Scanning electron microscopy (SEM) is one of the core imaging/characterisation methods used in the development of critical technologies in both the engineering and medical sciences. As SEMs have advanced over the last 30 years, in many cases the achievable spatial resolution and chemical sensitivity is no longer limited by the microscope, but by the ability of the sample being studied to withstand the electron beam dose during the experiment. In addition, as the demands of materials science and biology have moved to analysing ever larger areas of sample with higher precision, temporal resolution and the throughput of samples now becomes the limiting factor in performing many experiments. In both of these cases, the optimal approach to imaging for state-of-the-art samples is to determine the minimum number of pixels and the minimum electron dose per pixel, necessary to achieve the highest resolution and sensitivity in each experiment.
Recent developments in compressive sensing (CS) have offered a new avenue to achieving this optimum resolution and sensitivity in SEM experiments. The experiment is now performed by acquiring a small sub-set of imaging pixels randomly distributed over the area of the analysis, and then Inpainting algorithms (a form of artificial intelligence (AI)) are used to fill in the missing information. By using this approach, the number of pixels in any image can be reduced by a factor of ~100-1000, vastly improving the temporal resolution and throughput while at the same time significantly reducing the electron dose to the sample. The key question in achieving the ultimate level of improvement is determined by the redundancy of information in the sample – is it crystalline or amorphous, single phase or multi-phase, single crystal or polycrystalline, etc. Incorporating known physical information into the inpainting reconstruction, i.e. physics/science based machine learning, in principle permits an SEM to “learn” the best approach to each sample.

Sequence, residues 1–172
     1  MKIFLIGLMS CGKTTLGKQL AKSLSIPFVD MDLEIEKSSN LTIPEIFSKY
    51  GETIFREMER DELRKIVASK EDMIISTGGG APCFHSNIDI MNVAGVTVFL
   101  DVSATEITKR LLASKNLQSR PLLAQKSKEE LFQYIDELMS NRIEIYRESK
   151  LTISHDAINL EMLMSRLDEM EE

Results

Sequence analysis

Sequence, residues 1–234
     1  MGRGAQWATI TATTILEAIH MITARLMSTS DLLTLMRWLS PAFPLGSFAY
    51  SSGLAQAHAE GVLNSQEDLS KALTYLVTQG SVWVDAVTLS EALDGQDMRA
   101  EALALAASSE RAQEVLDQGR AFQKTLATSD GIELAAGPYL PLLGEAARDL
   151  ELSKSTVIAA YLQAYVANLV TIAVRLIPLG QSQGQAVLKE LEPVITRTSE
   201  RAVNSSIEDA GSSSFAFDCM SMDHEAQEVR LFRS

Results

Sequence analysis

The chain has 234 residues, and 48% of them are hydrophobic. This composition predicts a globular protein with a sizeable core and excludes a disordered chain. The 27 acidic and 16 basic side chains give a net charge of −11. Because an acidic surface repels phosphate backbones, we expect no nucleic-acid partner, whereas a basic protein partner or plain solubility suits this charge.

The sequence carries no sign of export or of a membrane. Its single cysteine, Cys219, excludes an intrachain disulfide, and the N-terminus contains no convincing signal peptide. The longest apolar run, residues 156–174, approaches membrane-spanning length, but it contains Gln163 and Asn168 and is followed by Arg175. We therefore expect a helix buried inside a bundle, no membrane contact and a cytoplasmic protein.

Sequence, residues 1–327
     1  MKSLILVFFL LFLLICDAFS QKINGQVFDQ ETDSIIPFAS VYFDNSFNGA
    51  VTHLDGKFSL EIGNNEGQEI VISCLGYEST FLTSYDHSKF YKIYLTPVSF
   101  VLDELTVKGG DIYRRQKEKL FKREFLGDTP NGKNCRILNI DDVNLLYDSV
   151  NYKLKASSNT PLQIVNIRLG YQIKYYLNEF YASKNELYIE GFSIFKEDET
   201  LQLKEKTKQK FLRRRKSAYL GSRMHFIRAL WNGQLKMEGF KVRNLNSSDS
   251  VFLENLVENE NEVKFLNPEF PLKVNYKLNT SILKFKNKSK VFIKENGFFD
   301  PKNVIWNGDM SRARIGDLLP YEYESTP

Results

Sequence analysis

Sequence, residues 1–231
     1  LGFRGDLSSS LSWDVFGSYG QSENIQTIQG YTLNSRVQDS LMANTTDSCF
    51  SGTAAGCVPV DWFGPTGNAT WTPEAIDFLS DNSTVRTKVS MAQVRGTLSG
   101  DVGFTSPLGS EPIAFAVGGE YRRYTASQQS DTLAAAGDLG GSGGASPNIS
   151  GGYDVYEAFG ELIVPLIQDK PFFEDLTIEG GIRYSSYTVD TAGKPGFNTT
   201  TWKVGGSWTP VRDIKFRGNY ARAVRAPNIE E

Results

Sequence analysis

As an SEM can generate multiple signals simultaneously (Secondary electrons, backscattered electrons, X-rays, channelling patterns, etc) the signal/noise of each being dependent on differences in both the physics of the interaction and the chemistry of the sample, the goal of this PhD project is for the student to perform experiments on a state-of-the-art FIB-SEM at the University of Liverpool to determine how to use these different signals within the AI/ML sub-sampling environment to optimise the analysis for a range of different samples. The aim is to establish the learning parameters that enable the same SEM to function differently and optimally for both the most beam sensitive biological sample and the most structurally diverse engineering sample. The PhD student will also become proficient in the application of AI/ML algorithms with the goal of incorporating them routinely into the most advanced characterisation methods.
This EPSRC ICASE project will incorporate strong interactions between Oxford Instruments, where the student will become one of five current ICASE students and the Albert Crewe Centre for Electron Microscopy, where four other students are currently working on applications of sub-sampling for various imaging and spectroscopic applications in SEM, Transmission Electron Microscopy (TEM) and Scanning Transmission Electron Microscopy (STEM).
For any enquiries please contact, Professor Nigel D. Browning on: [Email Address Removed]
To apply, please visit https://www.liverpool.ac.uk/study/postgraduate-research/how-to-apply/ and click on the 'Ready to apply? Apply online' button.